Art & Culture

Fair Play

Words by Alex Rayner

01 July 2020

People walking through an art gallery with colourful abstract sculpture

Take heart from Frieze’s plans to welcome new artists

After Frieze London 2018, we consider whether the art fair key to continuing relevance, lies in being a little more dynamic and caring.

The pavilion is packed up; the parties are over for another year, and a few thousand works of fine art now have new owners. Yet, with the closing of the Frieze Art Fair in London comes the renewed belief that maybe these sorts of events are pretty good after all.

Many in the art world love Frieze Week, yet in the run-up to the 2018 fair, criticism of Frieze and its fellow international art fair promoters was pretty stiff.

With fewer collectors willing to stroll regularly around the gallery districts of London, New York, Paris, Brussels and Düsseldorf, a common line of argument is that a booth at a fair is one of the few ways for smaller galleries to reach big audiences.

However, the costs of a spot at Frieze are high – around $24,300 estimates the Art Newspaper – and that’s without the ancillary costs of booth building, shipping and travel. Plenty of smaller dealers end up making a loss at events such as Frieze.

Meanwhile, larger, better-established galleries tend to get the bigger, more prominent stands, which they pack with pricey, popular offerings. Visitors, overwhelmed by the choice on offer, often choose to go with what they know, perhaps viewing a few of the smaller stands, before gravitating towards more familiar concerns.

Nevertheless, Frieze and fellow fair promoters such as Art Basel, aren’t deaf to these concerns, and are actually pretty agile organisations. Both, following prompts from big gallerists, such as David Zwirner and Marc Glimcher, have pledged to implement progressive pricing structures, lowering costs for the little guys, at the bigger galleries’ expense.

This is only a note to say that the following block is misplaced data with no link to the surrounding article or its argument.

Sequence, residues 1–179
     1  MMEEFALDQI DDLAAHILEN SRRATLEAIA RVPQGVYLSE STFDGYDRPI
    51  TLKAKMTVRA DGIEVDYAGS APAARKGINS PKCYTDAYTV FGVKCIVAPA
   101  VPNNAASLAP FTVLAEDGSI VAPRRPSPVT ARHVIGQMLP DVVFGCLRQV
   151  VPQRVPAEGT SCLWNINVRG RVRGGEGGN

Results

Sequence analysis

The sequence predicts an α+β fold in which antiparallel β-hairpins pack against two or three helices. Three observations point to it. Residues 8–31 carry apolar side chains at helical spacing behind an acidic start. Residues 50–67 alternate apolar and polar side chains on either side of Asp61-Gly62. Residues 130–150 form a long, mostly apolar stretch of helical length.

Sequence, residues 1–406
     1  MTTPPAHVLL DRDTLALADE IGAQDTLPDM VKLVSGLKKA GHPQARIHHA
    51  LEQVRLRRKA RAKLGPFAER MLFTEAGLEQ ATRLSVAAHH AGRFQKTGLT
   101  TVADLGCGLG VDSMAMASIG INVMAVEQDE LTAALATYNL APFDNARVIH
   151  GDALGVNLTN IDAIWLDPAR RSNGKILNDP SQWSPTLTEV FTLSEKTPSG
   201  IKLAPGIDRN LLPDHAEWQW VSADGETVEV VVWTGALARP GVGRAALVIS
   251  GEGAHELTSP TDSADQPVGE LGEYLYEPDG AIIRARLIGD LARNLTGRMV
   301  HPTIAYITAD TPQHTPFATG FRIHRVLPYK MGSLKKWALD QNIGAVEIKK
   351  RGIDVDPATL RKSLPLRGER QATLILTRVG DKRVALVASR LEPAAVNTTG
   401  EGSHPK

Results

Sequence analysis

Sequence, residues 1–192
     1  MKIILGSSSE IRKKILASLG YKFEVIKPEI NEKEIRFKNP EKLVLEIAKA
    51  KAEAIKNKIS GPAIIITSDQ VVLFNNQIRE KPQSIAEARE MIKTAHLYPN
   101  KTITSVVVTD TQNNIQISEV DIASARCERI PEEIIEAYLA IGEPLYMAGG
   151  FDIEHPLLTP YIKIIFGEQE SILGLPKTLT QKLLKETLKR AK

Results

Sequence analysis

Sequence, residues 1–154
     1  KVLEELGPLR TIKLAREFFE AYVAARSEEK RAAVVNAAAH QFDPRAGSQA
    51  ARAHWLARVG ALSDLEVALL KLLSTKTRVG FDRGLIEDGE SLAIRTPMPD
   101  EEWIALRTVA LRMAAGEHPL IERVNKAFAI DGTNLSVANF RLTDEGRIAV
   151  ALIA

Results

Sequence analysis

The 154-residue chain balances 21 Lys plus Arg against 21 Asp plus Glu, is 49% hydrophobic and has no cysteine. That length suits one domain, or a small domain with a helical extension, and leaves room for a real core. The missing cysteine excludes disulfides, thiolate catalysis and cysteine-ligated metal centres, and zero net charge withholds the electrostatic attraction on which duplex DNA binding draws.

Those changes won’t hit Frieze London until next year, yet there are signs that, in 2018, it’s changing. The fair’s Social Work section focused on underrepresented female artists from the late 20th century, with a big sale of the Afro-Caribbean-British artist Sonia Boyce’s work going to Tate Britain.

Meanwhile, in the crowd, Rose McGowan – a prominent figure in the #MeToo movement – was joined by establishment figures, such as George Osborne and Claudia Schiffer. Good sales for once-outsider artists, such as the Brazilian graffiti practitioners OSGEMEOS, as well as the presence of long-standing critics of the status quo, such as Jenny Holzer, suggests collectors are open to change.

The Ruinart champagne still flowed, and big, old, headliner names, such as Man Ray – the sole artist on show in an excellent display at Gagosian’s Frieze Masters booth – still pulled in the big collectors.
Yet if there’s any take away from October’s fair it’s that Frieze – despite its name – is a far more adjustable, reactive and dynamic organisation than we may have realised.

For contemporary art advice and guidance, from collecting, to fairs and openings, please contact [email protected]

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